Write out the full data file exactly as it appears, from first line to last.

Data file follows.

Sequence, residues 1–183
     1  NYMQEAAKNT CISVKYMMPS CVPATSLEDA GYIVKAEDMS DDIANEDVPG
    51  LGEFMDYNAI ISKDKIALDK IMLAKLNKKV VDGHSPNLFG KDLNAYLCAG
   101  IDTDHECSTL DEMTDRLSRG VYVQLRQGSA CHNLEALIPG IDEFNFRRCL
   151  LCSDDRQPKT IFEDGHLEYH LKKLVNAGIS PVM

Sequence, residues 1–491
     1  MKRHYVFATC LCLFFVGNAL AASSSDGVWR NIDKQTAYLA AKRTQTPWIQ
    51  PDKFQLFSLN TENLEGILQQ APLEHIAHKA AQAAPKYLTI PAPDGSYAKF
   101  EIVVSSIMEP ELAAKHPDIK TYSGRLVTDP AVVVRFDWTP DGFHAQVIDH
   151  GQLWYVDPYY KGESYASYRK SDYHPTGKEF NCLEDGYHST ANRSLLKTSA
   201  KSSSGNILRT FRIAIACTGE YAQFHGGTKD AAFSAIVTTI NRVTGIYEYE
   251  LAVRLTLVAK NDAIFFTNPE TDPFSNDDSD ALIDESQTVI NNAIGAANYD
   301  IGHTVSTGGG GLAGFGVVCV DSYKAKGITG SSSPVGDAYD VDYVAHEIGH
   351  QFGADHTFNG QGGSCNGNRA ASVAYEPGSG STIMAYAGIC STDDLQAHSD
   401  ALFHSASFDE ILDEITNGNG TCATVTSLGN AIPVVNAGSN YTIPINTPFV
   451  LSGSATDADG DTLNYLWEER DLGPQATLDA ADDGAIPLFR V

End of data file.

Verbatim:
Sequence, residues 1–183
     1  NYMQEAAKNT CISVKYMMPS CVPATSLEDA GYIVKAEDMS DDIANEDVPG
    51  LGEFMDYNAI ISKDKIALDK IMLAKLNKKV VDGHSPNLFG KDLNAYLCAG
   101  IDTDHECSTL DEMTDRLSRG VYVQLRQGSA CHNLEALIPG IDEFNFRRCL
   151  LCSDDRQPKT IFEDGHLEYH LKKLVNAGIS PVM

Sequence, residues 1–491
     1  MKRHYVFATC LCLFFVGNAL AASSSDGVWR NIDKQTAYLA AKRTQTPWIQ
    51  PDKFQLFSLN TENLEGILQQ APLEHIAHKA AQAAPKYLTI PAPDGSYAKF
   101  EIVVSSIMEP ELAAKHPDIK TYSGRLVTDP AVVVRFDWTP DGFHAQVIDH
   151  GQLWYVDPYY KGESYASYRK SDYHPTGKEF NCLEDGYHST ANRSLLKTSA
   201  KSSSGNILRT FRIAIACTGE YAQFHGGTKD AAFSAIVTTI NRVTGIYEYE
   251  LAVRLTLVAK NDAIFFTNPE TDPFSNDDSD ALIDESQTVI NNAIGAANYD
   301  IGHTVSTGGG GLAGFGVVCV DSYKAKGITG SSSPVGDAYD VDYVAHEIGH
   351  QFGADHTFNG QGGSCNGNRA ASVAYEPGSG STIMAYAGIC STDDLQAHSD
   401  ALFHSASFDE ILDEITNGNG TCATVTSLGN AIPVVNAGSN YTIPINTPFV
   451  LSGSATDADG DTLNYLWEER DLGPQATLDA ADDGAIPLFR V